other words, how much does likelihood of contracting some of these
conditions increase if i repeat the one week regimen after waiting 3
or 4 months.

You told me what can happen, but my question is "what is the risk, ie,
how likely is it". My doctor and pharmacist feel that with one-time
use the risk is negligible. My question asks whether it is still
negligible with the rate of repition I specified, and if not, how
risky is it. e.g., am I certain to get some side effects, or is it in
the 50% range, or is it in the 10% range?

Do you see what I'm trying to get a handle on?

Clarification of Answer by nenna-ga on 08 Jul 2004 08:15 PDT
Hello again,

I wish I could give you a definitive answer on that. No one can
predict side effects. Sometimes they can occur and sometimes they may
not. Now, with this medication, since a build up of it occurs in the
body, the more times you take it, the greater the risk for certain
side effects, so the higher the chances.

Now, your doctor and pharmacists are right, with a 1 week treatment
the first time, you have the same chances for a side effect as anyone
else, so as they say, negligible However, every time you do another 1
week treatment, you're taking a chance on whether or not you'll have a
side effect. I wish I could give you a definite percentage of your
chance, but as I mentioned, side effects are random in most people,
you can't predict the chances of it happening.

Think of this as someone throwing a ball at you. Eventually, the
chances increase that they will score a direct hit.

I hope this helps you out to understand the risks involved.

boomering-ga rated this answer:3 out of 5 stars

Subject: Re: Use of prednisone
From: ac67-ga on 07 Jul 2004 12:06 PDT
You may wish to speak to your doctor about inhaled steroids.  If you
are using oral steroids 3 to 4 times a year, you may be better off
with an inhaled steroid that would be used daily to try to prevent
these problems.  The risk for side effects would be negligible, in
fact, in a year of using inhaled steroids daily, you would probably be
getting less total steroid than from 3 or 4 one week oral steroid
courses over the course of the year.
Subject: Re: Use of prednisone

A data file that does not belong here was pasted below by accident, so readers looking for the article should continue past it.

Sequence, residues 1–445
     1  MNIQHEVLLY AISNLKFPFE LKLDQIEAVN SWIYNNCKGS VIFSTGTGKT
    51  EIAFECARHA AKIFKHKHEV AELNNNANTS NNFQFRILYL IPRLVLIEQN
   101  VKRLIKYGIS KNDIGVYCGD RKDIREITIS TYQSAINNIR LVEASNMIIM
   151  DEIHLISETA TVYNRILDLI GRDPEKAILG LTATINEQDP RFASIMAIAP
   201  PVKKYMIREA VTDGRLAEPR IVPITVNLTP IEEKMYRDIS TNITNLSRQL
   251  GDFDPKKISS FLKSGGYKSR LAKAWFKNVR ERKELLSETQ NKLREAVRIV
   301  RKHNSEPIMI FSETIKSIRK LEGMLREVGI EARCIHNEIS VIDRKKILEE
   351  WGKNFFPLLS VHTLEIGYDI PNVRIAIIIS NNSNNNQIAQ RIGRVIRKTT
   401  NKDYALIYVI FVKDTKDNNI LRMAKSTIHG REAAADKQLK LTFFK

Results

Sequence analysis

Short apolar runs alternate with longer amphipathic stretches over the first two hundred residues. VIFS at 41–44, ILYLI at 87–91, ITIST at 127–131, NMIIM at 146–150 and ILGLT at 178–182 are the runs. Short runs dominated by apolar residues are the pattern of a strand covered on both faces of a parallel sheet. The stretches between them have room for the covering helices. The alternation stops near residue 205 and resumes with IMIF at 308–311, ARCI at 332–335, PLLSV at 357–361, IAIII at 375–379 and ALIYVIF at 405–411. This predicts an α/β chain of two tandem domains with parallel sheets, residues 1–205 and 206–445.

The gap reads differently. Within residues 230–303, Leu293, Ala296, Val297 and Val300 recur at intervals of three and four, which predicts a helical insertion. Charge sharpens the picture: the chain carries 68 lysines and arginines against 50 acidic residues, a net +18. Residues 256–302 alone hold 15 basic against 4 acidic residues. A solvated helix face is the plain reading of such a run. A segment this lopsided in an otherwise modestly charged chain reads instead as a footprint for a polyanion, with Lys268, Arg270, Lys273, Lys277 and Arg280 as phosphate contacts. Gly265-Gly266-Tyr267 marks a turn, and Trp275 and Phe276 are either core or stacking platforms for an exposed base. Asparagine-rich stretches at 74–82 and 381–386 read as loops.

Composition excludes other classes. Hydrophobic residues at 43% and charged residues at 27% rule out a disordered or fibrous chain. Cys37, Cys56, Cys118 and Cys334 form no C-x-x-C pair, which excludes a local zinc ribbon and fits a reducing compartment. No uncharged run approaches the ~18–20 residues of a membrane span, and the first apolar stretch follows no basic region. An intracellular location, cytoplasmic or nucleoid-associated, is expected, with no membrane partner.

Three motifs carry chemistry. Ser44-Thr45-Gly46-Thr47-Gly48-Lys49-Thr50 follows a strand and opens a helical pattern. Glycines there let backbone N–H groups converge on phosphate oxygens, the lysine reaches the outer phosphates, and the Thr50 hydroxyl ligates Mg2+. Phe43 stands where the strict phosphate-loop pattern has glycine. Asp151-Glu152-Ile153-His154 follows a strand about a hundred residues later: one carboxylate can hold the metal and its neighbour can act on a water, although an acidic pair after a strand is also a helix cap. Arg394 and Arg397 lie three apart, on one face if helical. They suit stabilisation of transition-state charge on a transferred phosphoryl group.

From: pinkfreud-ga on 08 Jul 2004 10:07 PDT

Because of multiple autoimmune diseases, I take short courses of
prednisone several times a year. I have been doing this since 1972, so
I would think that whatever long-term effects are going to occur have
already happened.

Everyone is different, of course, and my situation is not identical to
yours, but I have not experienced side-effects of any severity from
the brief, infrequent use of prednisone. My main complaints are that
my cheeks are permanently rounded, like a chipmunk storing nuts (this
is a common side-effect known as "moon facies,") and I have developed
a stomach ulcer (which may or may not be related to the prednisone). I
have noticed that, during the week or so when I am taking steroids, my
sex drive suffers, but it always returns to normal.

The suggestion made by ac67 is a good one. You may want to ask your
physician whether the regular use of inhaled steroids would be a
better option than the occasional use of oral steroids.

Best wishes,
Subject: Re: Use of prednisone
From: purkinje-ga on 14 Jul 2004 21:40 PDT
Inhaled glucocorticoids target the cause of asthma rather than fight
the effects of it as B2-agonists do. However, the benefits come much
more slowly, so it is a long-term, not short-term, drug. The risks are
candidiases and dysphonia, so you should rinse your mouth afterwards
and also use a spacer to inhale. Also, at doses above 800 micrograms
per day there is the risk of suppressing the
hypothalamic-pituitary-adrenal axis, but it's rare even with doses up
to 1600mcg/day. There can also be an increase in bone mineral turnover
and loss of glucose control for diabetics. Keep in mind, this is a